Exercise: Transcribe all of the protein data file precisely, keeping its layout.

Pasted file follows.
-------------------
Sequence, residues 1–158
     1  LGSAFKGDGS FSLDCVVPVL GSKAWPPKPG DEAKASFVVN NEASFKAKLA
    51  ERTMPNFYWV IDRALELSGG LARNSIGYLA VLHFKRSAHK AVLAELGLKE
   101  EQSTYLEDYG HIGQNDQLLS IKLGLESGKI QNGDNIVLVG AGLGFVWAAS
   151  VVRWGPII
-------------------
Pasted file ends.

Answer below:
Sequence, residues 1–158
     1  LGSAFKGDGS FSLDCVVPVL GSKAWPPKPG DEAKASFVVN NEASFKAKLA
    51  ERTMPNFYWV IDRALELSGG LARNSIGYLA VLHFKRSAHK AVLAELGLKE
   101  EQSTYLEDYG HIGQNDQLLS IKLGLESGKI QNGDNIVLVG AGLGFVWAAS
   151  VVRWGPII